You thought I could do all this by myself?

So I’ve been a little rude. I wrote my entire first blog post from Ethiopia without really introducing you to the folks who are essentially being paid to be my best friends, bodyguards, tour guides, eating buddies, and walking wikipedias while I’m here. Cute huh? You should probably drown them in compliments in the comments so that I’m in a little bit less trouble in the morning for posting the ‘after’ shot from our four-hour walking excursion in the midday African sun. Also, I suspect a lot more ‘don’t blog about this’ regulations to come into effect after this post so enjoy it while it lasts! Also also, all the local guys keep giving me the ‘awwww yeah’ nod on the street because they think I’m dating both of them which is about as awesome as our failed attempts to convince schoolkids that I am in fact internationally treasured vocal talent and cultural icon Justin Bieber.

Emma (on the left) and I synced up in Toronto and somehow managed to survive an eight-hour flight to Frankfurt, a five-hour layover, and an eight-hour flight to Addis without causing each other bodily or emotional harm. This is her first trip overseas for War Child but she’s spent plenty of time in South Africa and has been involved with the organization since high school. She was the first dedicated fundraiser hired for War Child Canada (I’m 98% certain that’s true and if it isn’t, I’ll have an internet source that says otherwise momentarily when I hit publish), had a mad crush on Lester B. Pearson, freely admits to watching Teen Mom, and has no hesitations about running up to attractive European men for directions when it is loosely suggested that she should take one for the team. She’s legit. As are cute European travelers.

Linda (on the right, but you already knew that because clearly I haven’t gone all Castaway and started naming bottles of vinegar…yet) was ever so kind to meet us at the airport when we landed so that Emma and I wouldn’t just give up on life and set up camp in the arrivals section for two weeks. She’s a program manager for War Child which basically means she spends time in several countries to assist the local partner organizations in managing their administration, finances, partnerships, and building the skills needed within these teams to make sure the communities get access to new training and skills throughout the program. Linda flew up to meet us here fresh off two weeks in the Congo. She has worked in development in well over 40 countries around the world, she answers most of my questions and makes up entertaining lies whenever she’s in doubt, her original career aspirations were to become Indiana Jones (I’d say she’s done alright there), she takes on all the hard jobs like haggling and warding off pickpockets, and gets pretty serious about her Yahtzee.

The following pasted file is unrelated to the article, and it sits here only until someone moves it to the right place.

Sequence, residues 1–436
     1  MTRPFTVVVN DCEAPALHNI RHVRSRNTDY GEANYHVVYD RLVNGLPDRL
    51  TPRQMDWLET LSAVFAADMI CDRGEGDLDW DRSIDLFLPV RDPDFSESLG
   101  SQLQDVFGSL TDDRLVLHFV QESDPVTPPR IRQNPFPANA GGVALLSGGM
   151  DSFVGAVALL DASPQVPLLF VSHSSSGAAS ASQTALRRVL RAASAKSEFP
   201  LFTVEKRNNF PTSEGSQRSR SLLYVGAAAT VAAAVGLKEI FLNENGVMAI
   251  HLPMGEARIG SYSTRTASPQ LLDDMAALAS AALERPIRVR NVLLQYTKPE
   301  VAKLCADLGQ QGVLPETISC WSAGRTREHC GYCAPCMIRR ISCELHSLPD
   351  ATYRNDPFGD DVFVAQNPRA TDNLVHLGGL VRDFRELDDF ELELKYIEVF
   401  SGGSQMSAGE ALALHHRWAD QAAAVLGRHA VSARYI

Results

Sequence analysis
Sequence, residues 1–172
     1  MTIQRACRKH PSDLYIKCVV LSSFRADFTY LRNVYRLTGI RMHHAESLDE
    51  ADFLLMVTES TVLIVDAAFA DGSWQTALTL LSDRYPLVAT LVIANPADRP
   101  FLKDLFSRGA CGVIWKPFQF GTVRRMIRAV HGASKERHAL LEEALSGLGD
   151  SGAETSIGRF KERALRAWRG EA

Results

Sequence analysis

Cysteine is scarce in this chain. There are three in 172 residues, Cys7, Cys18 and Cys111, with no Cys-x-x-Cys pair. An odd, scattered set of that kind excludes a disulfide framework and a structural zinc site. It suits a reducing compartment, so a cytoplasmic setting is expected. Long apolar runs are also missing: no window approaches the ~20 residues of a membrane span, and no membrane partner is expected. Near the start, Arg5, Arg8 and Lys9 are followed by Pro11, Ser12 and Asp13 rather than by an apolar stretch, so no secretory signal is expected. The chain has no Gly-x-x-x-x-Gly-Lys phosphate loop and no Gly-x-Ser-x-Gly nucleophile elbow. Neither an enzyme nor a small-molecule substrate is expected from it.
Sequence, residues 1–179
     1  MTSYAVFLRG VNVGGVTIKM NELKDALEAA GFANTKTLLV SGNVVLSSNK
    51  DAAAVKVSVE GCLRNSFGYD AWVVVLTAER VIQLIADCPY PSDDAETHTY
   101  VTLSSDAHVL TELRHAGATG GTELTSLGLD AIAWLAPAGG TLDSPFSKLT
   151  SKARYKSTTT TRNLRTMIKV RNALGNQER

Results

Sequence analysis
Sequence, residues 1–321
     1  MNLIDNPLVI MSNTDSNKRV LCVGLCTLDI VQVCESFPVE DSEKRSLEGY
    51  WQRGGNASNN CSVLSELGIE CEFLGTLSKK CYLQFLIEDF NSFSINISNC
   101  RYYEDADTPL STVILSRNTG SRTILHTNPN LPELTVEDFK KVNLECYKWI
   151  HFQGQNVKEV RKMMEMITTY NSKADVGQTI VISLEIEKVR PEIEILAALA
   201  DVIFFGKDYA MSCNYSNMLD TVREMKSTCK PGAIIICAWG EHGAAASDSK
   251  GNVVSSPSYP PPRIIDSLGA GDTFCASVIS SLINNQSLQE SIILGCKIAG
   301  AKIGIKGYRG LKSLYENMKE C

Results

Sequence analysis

Blog friends? Emma and Linda.

Emma and Linda? Blog friends.

We already have our little family routines because we’re super adorable. Cereal, yogurt and boiled eggs in the morning, fruit smoothies in the afternoon, wat and injera for dinner, some other activities that don’t involve eating from time to time, and consistently making fun of me for recognizing terrible pop songs that play in random places. Today’s selection was headlined by Next’s Too Close. Oh yes, not even in Ethiopia can you escape their smooth vocals about getting erections on the dance floor.